The seven-year-old crested macaque took the selfies after photographer David Slater left his camera unattended while visiting a reserve in Indonesia in 2011.
The ruling marks the latest chapter in a long-running legal dispute over the images, which include a selfie of the smiling monkey that went viral.
The monkey is Naruto who took these selfies with wildlife photographer David Slater's camera. The case itself kept referring to a male monkey called Naruto, while Slater maintains that the original selfie-snapping primate was a female called Ella.
An appeals court in NY previous year rejected the chimpanzee case, saying there was no legal precedent for the animals being considered people, and their cognitive capabilities didn't mean they could be held legally accountable for their actions. PETA appealed and argued that the US copyright laws do not specify that a work's creator has to be human. The settlement, the court argued, could not have benefited Naruto since he was not a party to the settlement and, when it came down to it, Naruto still didn't own the copyright to profit from his newfound selfie fame.
The ruling added that "PETA seems to employ Naruto as an unwitting pawn in its ideological goals".
The case was brought in a US court because Slater's book was available for sale in the United States.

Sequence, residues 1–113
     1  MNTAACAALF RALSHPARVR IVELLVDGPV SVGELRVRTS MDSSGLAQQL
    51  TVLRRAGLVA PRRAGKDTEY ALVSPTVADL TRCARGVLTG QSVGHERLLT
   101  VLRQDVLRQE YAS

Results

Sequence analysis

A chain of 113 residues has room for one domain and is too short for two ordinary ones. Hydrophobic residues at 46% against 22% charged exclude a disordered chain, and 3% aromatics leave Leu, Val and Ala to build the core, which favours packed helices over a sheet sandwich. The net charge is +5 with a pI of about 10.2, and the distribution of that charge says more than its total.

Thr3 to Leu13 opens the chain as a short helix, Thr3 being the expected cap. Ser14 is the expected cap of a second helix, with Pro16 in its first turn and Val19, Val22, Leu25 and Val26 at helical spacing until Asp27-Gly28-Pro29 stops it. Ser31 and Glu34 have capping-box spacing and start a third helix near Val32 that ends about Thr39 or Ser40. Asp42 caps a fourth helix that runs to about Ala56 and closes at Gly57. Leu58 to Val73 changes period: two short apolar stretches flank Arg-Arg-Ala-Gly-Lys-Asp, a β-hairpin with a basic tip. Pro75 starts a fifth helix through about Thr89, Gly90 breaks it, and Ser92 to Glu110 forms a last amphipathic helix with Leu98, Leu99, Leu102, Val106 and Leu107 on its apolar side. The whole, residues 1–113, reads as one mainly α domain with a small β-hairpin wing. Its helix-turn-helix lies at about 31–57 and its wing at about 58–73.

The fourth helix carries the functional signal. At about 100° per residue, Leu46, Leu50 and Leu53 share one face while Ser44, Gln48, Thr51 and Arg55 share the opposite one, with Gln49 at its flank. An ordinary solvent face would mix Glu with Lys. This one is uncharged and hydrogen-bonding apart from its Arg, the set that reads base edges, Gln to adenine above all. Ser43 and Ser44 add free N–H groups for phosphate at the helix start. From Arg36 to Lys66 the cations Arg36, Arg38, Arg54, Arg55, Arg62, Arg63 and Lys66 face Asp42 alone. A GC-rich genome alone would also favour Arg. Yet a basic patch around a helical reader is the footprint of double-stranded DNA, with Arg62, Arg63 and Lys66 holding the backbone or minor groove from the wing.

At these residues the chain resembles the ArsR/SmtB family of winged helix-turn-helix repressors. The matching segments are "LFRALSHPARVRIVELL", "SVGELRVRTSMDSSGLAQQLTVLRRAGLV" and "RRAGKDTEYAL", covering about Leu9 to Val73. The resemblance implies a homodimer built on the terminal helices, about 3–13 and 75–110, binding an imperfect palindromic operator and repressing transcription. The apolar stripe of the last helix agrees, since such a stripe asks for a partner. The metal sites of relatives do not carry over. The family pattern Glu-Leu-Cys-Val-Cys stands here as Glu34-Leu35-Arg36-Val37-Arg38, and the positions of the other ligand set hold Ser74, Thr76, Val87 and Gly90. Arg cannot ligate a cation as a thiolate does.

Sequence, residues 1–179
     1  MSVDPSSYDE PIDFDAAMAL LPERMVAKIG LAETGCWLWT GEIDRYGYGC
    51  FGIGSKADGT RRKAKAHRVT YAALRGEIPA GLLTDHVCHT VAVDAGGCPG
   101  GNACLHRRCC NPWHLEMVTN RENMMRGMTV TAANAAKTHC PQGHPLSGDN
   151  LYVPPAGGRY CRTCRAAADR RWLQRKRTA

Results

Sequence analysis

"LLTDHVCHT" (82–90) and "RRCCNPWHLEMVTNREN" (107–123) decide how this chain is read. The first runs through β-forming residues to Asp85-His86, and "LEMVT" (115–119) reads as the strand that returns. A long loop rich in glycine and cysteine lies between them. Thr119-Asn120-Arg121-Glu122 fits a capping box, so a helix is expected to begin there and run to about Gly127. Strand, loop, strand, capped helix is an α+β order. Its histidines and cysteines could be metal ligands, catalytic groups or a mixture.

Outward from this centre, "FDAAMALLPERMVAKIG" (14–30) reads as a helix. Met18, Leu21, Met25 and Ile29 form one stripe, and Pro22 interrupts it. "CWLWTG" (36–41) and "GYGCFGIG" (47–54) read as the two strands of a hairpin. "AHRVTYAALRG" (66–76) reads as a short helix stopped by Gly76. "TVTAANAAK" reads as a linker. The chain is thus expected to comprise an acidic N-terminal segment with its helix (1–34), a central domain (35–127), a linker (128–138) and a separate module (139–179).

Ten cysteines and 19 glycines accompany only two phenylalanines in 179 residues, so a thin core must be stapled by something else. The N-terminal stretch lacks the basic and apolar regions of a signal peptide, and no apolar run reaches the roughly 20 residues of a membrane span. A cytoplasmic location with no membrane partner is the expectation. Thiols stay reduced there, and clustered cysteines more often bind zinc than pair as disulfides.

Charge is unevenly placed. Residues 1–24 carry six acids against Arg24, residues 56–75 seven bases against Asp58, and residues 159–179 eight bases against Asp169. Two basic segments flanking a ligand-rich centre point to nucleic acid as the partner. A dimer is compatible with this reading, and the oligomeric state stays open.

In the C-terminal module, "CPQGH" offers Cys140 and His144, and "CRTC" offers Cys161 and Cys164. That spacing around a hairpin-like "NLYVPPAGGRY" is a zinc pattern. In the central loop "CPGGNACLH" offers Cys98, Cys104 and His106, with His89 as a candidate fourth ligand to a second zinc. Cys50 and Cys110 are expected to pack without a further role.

But PETA being PETA is appealing against this ruling, telling the Wall Street Journal that its not happy the monkey is being discriminated against because it's not human. As part of the settlement, 25% of future proceeds from "any or all of the monkey selfies" will be donated to charities dedicated to protecting crested macaques in Indonesia. Lawyers then asked the 9th Circuit to dismiss the case.
But the court refused, saying a decision in this "developing area of the law" would help guide lower courts and considerable public resources had been spent on the case.
The court found that PETA couldn't represent Naruto as a "next friend" because it couldn't establish it had a relationship with the monkey allowing to serve as a legal guardian in a court proceeding and because current law didn't grant animals such legal representation. The Hollywood Reporter, the Recorder and the Associated Press have stories.